Unconditional Surrender statue in San Diego seen from the USS Midway Museum on May 27, 2012.

Pictures copyright 2012 Russel Ray Photos

USS Midway Museum and Unconditional Surrender statue in San Diego

Pictures copyright 2012 Russel Ray Photos

Nonetheless, in March 2012, the Port voted to purchase a bronze replacement. That turned into a controversial decision due to the cost, ultimately causing three of the Port’s Board members to resign. The Midway Museum took the lead in fundraising; construction of the new statue proceeded. Ultimately, three overly wealthy citizens contributed $100,000 each while thousands of people like me donated the rest.

Finally, in late May 2012, after Memorial Day, the statue was removed.

Unconditional Surrender statue in San Diego

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Gone

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The new “Unconditional Surrender” statue arrived on February 11, 2013, and was bolted into place two days later. The public was happy.

Unconditional Surrender statue in San Diego

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Location of the Unconditional Surrender statue in San Diego

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THE END

Unconditional Surrender statue in San Diego

Pictures copyright 2012 Russel Ray Photos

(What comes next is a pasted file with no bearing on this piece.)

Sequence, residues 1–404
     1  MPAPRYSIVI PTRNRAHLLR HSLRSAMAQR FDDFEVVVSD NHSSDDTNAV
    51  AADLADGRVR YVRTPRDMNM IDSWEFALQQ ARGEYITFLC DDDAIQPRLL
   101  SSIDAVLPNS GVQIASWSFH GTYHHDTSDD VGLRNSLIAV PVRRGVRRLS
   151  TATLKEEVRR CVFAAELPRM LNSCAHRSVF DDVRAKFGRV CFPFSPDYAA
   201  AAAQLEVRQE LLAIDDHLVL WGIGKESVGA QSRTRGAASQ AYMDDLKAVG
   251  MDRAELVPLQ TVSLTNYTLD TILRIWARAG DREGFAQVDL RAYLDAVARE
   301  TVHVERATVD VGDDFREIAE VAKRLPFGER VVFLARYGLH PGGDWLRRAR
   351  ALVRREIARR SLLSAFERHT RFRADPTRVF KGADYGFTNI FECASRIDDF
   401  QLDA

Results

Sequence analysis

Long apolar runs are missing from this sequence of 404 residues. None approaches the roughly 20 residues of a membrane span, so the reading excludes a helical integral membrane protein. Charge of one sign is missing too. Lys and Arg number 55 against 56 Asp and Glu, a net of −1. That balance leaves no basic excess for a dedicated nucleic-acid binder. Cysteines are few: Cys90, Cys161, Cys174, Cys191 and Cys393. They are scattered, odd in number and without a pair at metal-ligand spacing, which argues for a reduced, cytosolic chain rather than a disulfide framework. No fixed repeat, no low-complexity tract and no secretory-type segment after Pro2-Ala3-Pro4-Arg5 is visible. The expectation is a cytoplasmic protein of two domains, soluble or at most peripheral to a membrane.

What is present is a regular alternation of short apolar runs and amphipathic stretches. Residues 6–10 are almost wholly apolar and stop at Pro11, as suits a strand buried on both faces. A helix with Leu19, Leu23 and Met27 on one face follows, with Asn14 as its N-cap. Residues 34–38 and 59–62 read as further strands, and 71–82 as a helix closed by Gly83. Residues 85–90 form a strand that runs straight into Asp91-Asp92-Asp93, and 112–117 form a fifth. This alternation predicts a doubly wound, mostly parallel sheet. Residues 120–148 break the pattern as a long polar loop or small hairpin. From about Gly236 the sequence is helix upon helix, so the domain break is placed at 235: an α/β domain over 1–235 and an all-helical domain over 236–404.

This post approved by Zoey the Cool Cat

Looking for real estate services in San Diego County?
I can highly recommend James Frimmer,
Realtor Century 21 Award, BRE #01458572

If you’re looking for a home inspector,
I recommend Russel Ray — that’s me!Real Estate Solutions

Pictures copyright 2012 Russel Ray Photos

New San Diego Central Library on February 2, 2013

The new San Diego Central Library— Why women should not vote

Out & About

Pictures copyright 2012 Russel Ray Photos

The new San Diego Central Library is already a week old after its grand opening on Monday, September 30, 2013. It is a photographer’s dream, both inside and outside, with its interesting architecture, angles, windows, elevators, walls, stairs, interior design, public art…. I can see photographers practicing their craft in this building for many decades, hopefully centuries, to come.

The dome, at 143 feet in diameter and 255′ tall, is the third largest dome in North America. The widest are the Superdome at 680′ and Astrodome at 642′. The tallest are Texas Capitol at 310′ and United States Capitol at 288′.